Most memorable event: ALL the women’s only virtual events that I hosted for people in international locations. Irrespective their nationality — Pakistani to American to Argentinian, they’d echo that women across the world faced the same challenges.

Total dates set up: A humble double digit number.

NOTE TO SINGLE INDIAN WOMEN

  1. Keeping your self-esteem high is in your hands.
  2. When you talk of gender equality, please offer to split the bill on your first date. Lead by example.
  3. Not every entrepreneur is broke. Being a minimalist is not being broke.
  4. If you want a readymade perfect husband, he’d want a readymade perfect wife too.
  5. Keeping feminism in place, please understand he is not the representative of all the men out there. Your first date cannot be equal to his court hearing.

NOTE TO SINGLE INDIAN MEN

  1. When a girl is educated, smart and confident, she is not looking for a provider but a companion. Can you be best friends with her?
  2. Looks are temporary, kindness is permanent.
  3. Respect her work because she has worked really hard to get to that.
  4. If you are ‘somewhat committed’, figure out how to make that work instead of calling it off on the pretext that your parents won’t agree on the match. They did not decide to be in a relationship with her; you did.
  5. When a girl is nearing that 30 mark, she might have parental pressure to deal with. Talk it out sooner than later.

NOTE FOR THE HEARTBROKEN

  1. Today is the first day of the rest of your life. Come up with a routine, create your morning and evening rituals — see, touch, hear, smell and taste things that make you come alive. Take positive actions. You’ll sail through this and come out stronger.
  2. Starting over does not mean getting married to someone right away. Healing is the key. I hope you can reconcile with your past and then hit refresh.
  3. Your trust is shattered once. But the next person still wants to see you as a whole human and not a closely guarded secret. It’s a thin line but you’ll do just fine when you are open to change.
  4. Setbacks are a part of life. They do not take away your awesomeness from you.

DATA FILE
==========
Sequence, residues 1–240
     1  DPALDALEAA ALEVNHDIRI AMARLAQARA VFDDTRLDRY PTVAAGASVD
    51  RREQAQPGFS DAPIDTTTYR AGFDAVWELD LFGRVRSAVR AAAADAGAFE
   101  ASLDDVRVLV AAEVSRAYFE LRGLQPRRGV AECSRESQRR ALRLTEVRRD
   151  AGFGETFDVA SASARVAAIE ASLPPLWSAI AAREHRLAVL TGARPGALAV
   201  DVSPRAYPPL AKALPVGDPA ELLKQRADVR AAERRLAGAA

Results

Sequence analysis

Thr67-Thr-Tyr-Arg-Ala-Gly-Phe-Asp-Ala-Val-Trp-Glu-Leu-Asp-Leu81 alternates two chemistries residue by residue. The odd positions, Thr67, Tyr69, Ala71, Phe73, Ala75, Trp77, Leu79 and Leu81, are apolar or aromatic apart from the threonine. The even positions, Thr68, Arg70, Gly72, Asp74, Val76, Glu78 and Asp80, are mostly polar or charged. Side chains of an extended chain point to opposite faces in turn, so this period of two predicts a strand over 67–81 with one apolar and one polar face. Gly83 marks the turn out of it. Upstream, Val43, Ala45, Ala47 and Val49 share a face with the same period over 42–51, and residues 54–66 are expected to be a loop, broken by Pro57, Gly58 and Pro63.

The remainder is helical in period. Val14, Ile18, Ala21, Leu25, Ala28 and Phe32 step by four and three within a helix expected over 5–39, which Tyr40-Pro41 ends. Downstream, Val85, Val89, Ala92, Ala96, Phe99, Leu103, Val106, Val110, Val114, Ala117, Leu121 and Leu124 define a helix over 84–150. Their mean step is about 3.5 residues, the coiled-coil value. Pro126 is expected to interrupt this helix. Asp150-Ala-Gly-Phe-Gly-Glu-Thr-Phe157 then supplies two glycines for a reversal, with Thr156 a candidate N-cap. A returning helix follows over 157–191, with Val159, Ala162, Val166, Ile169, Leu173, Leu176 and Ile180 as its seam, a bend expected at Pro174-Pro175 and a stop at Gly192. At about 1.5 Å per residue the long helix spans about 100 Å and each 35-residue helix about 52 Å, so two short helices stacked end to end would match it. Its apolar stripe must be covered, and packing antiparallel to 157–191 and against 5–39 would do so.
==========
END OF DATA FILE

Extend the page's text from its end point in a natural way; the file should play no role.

5. Cultivate your personality. “Work keeps me busy” is something I often hear. How do you want to be seen, who do you show up for, what matters to you?

NOW WHAT?

  1. I am advising/ consulting dating apps andmatrimonial websites on improving their user journey. Also talking to people in their community for what they really want in the product.
  2. I’ll be available as a Relationship Coach. You can schedule a 15-minute introductory call with me and we can align to work towards your Relationship Goals. I can help you move the needle in the direction where you’d like to be. You’ll be the ultimate ship of the captain to take things forward.
  3. Any tips for somebody looking to date with a long-term commitment intent? Matchmaking is not a database problem, it’s a human problem. Be curious. Identify the social circles that give you a sense of belonging. Keep your social profiles updated and add a conversation starter/ Calendly link/ your upcoming event link in your Bio. Engage with people in activities. That’s a no pressure way of getting to know each other. Move the conversation out of the app to a call, in-person meeting etc. Keep your deal breakers to a minimum coz even you do not have everything figured out. Start early. People are less adaptable as they age.
  4. What’s more? I am working at the intersection of Community, Curation and Creation. I am hosting Zoom calls for employee engagement and gamifying conversations. If your organisation has people in their 20s and 30s, you’ll love the energy these calls bring to people. Feel more connected and refreshed with Remote Games :)
  5. Support for community leaders: If you are a community leader, I’d love to enable you in engaging your people better in these times. We all need each other, even if digitally. Let’s talk!

To each one of the hundreds of you who opened up their life stories to me, confided in me, trusted my choices for your first dates, shared brutal and honest feedback after dates, checked in on me when lockdown started, all I can say is — Thank you! You shaped me as a more empathetic and compassionate human by being vulnerable and sharing your stories.

Love and light,

Radhika Mohta

❤️Teaching an online cohort-based course on Dating — radhikamohta.com | Matchmaker and Relationship Coach

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Radhika Mohta

Radhika Mohta

❤️Teaching an online cohort-based course on Dating — radhikamohta.com | Matchmaker and Relationship Coach